Mysterious Flashes Seen By NASA Camera; Deep Space Climate Observatory Spots Hundreds Of Flashes

Well, we aren’t talking about alien planets and extra-terrestrial life. We are talking about our very own Earth. One million miles from Earth, NASA camera has captured mysterious flashes. NOAA’s Deep Space Climate Observatory (DSCOVR) has caught hundreds of such flashes in a span of one year. Initially, the exact cause for the mysterious flashes wasn’t very clear. So what are these flashes and where are they coming from?

image source: NASA

Mysterious flashes captured by NASA camera

The flashes were first observed by Alexander Marshak from NASA’s Goddard Space Flight Center in Maryland. The flashes were seen over oceans. These flashes, it’s now understood, are because of light reflecting off our planet. NASA’s Earth Polychromatic Imaging Camera (EPIC) which is the on-board instrument in DSCOVR for capturing photos, has been taking hourly images of our planet.

These flashes are believed to be caused by light reflected off oceans – when Sunlight hits a smooth part of an ocean or lake, the reflections head directly to the sensor, much like taking a flash-picture in a mirror. Astronomer Carl Sagan had observed similar reflections from Earth back in 1993, when he was looking at images taken by Galileo spacecraft.

To confirm the cause of the flashes, the researchers made a collection of the prospective sunlight glints over land in images captured from EPIC. Between June 2015 and August 2016, the researchers found about 866 bursts, which showed up in red, green and blue colors several minutes apart. The reasoning that followed was that if the flashes were caused by reflected sunlight, then they would be restricted to specific parts of Earth, specifically the spots where the angle between Sun and Earth is the same as the angle between spacecraft and Earth.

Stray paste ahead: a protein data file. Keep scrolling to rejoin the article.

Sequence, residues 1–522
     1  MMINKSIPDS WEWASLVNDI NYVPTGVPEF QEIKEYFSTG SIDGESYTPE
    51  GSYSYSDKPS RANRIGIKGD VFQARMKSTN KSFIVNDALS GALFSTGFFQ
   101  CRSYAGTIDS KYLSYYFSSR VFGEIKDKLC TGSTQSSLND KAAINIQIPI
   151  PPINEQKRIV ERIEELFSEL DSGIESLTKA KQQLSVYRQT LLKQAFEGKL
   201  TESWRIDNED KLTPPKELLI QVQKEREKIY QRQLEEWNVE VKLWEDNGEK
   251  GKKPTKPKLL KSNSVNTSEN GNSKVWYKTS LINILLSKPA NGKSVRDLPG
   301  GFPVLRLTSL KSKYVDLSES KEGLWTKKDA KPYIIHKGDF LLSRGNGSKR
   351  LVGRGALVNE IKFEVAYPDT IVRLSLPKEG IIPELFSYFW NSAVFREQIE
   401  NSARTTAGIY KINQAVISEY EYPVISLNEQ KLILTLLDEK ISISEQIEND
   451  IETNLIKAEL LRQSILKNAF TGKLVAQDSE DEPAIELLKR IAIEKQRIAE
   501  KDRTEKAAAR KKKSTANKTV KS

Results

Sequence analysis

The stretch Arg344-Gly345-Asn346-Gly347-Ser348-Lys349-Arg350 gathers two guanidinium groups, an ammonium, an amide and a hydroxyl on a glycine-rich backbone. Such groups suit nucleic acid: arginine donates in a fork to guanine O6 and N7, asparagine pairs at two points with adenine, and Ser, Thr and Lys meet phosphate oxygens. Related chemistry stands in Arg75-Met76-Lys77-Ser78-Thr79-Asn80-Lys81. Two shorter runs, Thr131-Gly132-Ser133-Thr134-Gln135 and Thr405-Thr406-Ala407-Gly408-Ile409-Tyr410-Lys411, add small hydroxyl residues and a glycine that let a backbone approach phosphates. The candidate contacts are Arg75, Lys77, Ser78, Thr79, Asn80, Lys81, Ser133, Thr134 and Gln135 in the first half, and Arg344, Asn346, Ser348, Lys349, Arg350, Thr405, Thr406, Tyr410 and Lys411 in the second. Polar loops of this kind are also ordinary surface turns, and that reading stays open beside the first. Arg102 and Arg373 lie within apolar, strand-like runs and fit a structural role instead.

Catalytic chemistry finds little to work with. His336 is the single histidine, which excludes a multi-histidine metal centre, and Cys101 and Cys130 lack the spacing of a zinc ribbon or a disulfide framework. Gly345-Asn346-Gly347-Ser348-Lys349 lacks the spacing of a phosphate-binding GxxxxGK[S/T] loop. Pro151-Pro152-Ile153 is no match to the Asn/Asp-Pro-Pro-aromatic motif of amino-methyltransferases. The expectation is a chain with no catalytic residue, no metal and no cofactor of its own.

image source: NASA

“We found quite a few very bright flashes over land as well. When I first saw it I thought maybe there was some water there, or a lake the sun reflects off of. But the glint is pretty big, so it wasn’t that. Lightning doesn’t care about the sun and EPIC’s location. The source of the flashes is definitely not on the ground. It’s definitely ice, and most likely solar reflection off of horizontally oriented particles.” Marshak said.